Onions trust and autism


Onions, trust and autism. First day at a new company. I’d declared my autism. Induction was done in a meeting room, not an open office.  Light levels were checked. I could go to a quiet area if I wanted. In short, I felt accepted, understood. I was not pressured to work in an office on a daily basis. I felt I could do work my way, relaxed, trusted. Able to approach management with any issue.

Another time. I was being told how to approach my work. Feeling my input was not wanted. That management felt that only if I worked in an office could I be part of a widely dispersed team. My needs and stresses not understood. I had to act, be careful. 

Management only approachable with care.

So where does this onion come in? They are made up of many layers, surrounding the centre where the growing shoot comes from. Autistic people all too often feel like outsiders in a world not suited to them, not accepting them. Putting on layers of protection, masking.

Surely not good for companies wanting to get the best from staff. Just being registered as ‘Disability friendly’ is not enough. Rather, as Horatio Nelson is recorded as saying in 1805, the same spirit must flow through the company, with appropriate levels of training and support, to enable autistic staff to flourish and contribute.

So how to strip off the layers of the onion to achieve this? It is not easy but possible.

C – Communication

Achieving and maintaining open communication is essential to earning the trust of any person, especially autistic people. So how to achieve this?

1. Understanding communication differences – words, facial expressions, body language used, or not as the case may be.

2. Neurodiversity and Autism – what it is, how it presents itself and is understood by others. And its strengths.

Achieving better levels of communications will start removing those layers of onions. 

R – Reasonable Adjustments

Or special treatment? No, measures that help autist people to work to the same level as non-autistic people.

1. Work environment – this can cause stress to autistic people, preventing them from working to their best, due to the light, sound, movement and more.  This might mean a specific area in an office and/or remote working

2. Meetings – especially Reviews.  Fully discuss what would help, including forwarning of discussion points, location and support.

So, for many who can struggle at work, creating the right environment, partially due to previous experience, will help remove barriers.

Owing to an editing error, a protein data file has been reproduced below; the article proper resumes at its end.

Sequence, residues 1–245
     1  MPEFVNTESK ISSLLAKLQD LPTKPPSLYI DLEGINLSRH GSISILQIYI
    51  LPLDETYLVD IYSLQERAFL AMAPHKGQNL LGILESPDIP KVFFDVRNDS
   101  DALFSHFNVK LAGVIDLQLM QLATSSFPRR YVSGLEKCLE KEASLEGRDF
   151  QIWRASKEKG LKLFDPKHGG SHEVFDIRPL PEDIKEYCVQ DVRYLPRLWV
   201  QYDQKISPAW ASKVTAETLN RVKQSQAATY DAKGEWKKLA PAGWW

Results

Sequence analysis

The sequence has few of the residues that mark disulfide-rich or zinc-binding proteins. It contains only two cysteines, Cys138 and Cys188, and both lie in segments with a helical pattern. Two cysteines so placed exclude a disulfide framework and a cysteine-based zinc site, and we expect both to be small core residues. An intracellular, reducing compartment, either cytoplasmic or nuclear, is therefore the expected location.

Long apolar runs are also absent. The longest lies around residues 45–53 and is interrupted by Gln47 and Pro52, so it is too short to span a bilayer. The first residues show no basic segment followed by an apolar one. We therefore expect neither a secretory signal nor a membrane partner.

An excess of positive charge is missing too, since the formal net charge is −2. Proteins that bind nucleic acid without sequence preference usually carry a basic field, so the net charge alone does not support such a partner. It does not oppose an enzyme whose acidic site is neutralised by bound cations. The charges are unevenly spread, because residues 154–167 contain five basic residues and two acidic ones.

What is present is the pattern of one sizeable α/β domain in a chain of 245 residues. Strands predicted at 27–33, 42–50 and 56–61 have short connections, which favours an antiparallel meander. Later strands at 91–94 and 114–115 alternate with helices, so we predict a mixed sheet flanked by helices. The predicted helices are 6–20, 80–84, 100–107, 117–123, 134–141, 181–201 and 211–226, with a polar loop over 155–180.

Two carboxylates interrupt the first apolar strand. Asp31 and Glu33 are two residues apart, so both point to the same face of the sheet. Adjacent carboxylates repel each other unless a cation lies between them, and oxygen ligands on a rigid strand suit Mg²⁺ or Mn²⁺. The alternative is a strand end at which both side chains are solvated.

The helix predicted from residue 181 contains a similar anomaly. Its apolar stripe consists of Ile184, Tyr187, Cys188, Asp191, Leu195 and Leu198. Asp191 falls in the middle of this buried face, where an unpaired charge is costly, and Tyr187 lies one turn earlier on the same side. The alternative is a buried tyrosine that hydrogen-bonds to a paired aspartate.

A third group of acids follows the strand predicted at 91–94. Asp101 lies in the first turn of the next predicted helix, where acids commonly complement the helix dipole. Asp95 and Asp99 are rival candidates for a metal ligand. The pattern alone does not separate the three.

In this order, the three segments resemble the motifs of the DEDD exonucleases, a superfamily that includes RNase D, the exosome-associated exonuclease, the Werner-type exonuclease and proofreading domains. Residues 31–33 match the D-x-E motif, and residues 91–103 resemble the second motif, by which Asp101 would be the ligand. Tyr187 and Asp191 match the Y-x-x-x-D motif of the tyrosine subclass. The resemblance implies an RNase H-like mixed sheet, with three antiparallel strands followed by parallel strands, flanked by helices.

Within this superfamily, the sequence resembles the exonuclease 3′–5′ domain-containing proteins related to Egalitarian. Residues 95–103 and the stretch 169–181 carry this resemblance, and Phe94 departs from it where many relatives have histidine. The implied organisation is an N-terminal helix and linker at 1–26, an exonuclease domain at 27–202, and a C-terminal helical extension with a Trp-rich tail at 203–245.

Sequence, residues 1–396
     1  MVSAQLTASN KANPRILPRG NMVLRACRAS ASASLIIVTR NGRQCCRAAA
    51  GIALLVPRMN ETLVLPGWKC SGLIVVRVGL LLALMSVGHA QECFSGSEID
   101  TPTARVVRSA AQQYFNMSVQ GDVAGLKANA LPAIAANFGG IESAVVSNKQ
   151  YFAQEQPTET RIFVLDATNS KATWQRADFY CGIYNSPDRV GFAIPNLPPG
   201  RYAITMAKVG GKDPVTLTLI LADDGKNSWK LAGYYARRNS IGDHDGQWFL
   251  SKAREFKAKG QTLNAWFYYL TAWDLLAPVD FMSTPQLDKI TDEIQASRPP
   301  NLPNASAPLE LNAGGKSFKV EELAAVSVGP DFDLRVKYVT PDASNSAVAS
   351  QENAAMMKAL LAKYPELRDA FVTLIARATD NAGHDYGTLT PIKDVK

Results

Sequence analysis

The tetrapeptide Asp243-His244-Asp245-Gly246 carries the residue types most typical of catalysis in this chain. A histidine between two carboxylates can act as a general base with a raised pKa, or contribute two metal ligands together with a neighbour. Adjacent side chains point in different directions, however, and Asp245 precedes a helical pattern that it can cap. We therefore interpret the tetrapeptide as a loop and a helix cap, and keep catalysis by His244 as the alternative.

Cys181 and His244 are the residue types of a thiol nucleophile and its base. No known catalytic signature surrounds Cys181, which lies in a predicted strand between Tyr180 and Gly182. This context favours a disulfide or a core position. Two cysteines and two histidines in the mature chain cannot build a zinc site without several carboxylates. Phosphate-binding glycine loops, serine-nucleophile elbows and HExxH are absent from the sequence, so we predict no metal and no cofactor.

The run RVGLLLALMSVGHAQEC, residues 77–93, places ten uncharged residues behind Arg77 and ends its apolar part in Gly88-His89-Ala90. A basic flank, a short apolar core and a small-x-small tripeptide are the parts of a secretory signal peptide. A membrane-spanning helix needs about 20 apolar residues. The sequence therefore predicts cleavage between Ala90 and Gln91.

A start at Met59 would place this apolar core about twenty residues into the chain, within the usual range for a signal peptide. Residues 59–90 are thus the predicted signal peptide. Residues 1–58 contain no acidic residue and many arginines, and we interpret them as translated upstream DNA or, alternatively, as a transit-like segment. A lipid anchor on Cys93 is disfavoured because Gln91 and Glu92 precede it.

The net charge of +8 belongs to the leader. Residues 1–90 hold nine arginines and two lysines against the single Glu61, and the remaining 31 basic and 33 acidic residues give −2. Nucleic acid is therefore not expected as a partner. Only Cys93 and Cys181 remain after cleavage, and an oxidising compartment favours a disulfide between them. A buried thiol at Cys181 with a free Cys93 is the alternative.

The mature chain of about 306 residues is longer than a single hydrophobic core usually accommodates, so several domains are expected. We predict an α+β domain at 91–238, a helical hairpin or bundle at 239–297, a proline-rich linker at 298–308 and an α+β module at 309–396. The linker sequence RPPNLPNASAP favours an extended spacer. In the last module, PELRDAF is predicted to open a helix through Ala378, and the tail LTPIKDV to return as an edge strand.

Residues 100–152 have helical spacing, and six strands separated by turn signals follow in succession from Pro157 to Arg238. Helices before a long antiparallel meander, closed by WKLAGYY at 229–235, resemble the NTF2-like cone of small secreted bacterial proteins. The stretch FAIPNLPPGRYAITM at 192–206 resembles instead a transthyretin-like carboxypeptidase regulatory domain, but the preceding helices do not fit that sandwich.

E – Executive Functioning

Or thought processing, managing tasks. Autistic people think differently to others, see different approaches. Have you ever seen this and wonder why? It can bring improved processes.

1. Execution of tasks – give reasonable autonomy of approach. A different better way may be seen. Ask, open questions, consider new, previously unconsidered approaches. 

2. Task assignation – would you ask a fish to climb a tree? No. Nor would you ask assign tasks to unsuitable staff. Allow autistic people to do those tasks that match their strength, providing support as required. No judgement.

Providing support and appropriate training and trust will grow and layers of protection reduce.

A – Attitudes of others

Have you ever felt others thought you stupid for something you have done, maybe something beyond your control, being you? Alternatively, when you have been accepted and helped for how you are? Which do you prefer? As an autistic person I have experienced both. So how to help?

1. Expect and consider alternative suggestions – due to the different way autistic people think, creating out of the box ideas. Discuss openly.

2. Expressions of ideas – be open however expressed, understand it may be different to the expected. Do not demand certain ways, but adapt, asking open questions, provide support.

If everyone was the same, there would be no growth or range of ideas.  Be open to difference and growth will come.

M – Moving on

Organisations and people are always changing, developing. Grow together as a team

1. Mentor – to help autistic people to understand expectations, and unexpected responses. The agreed mentor may be better coming from outside the team, with mutual trust.

2. Continue development and training – for all team members, soft skills and neurodiversity training, possibly from government sources.  This will keep trust and respect for all.

This will build trust and respect within a departments for all the skills available.

Final message

Trust is a fragile, multi-layered asset, especially for autistic people, for whom barriers have been necessary to protect themselves from past reactions.

Learn how to gain and maintain this trust, peeling away the layers of protection, like the layers of an onion, to get to the centre and all parts of the organisation will benefit.


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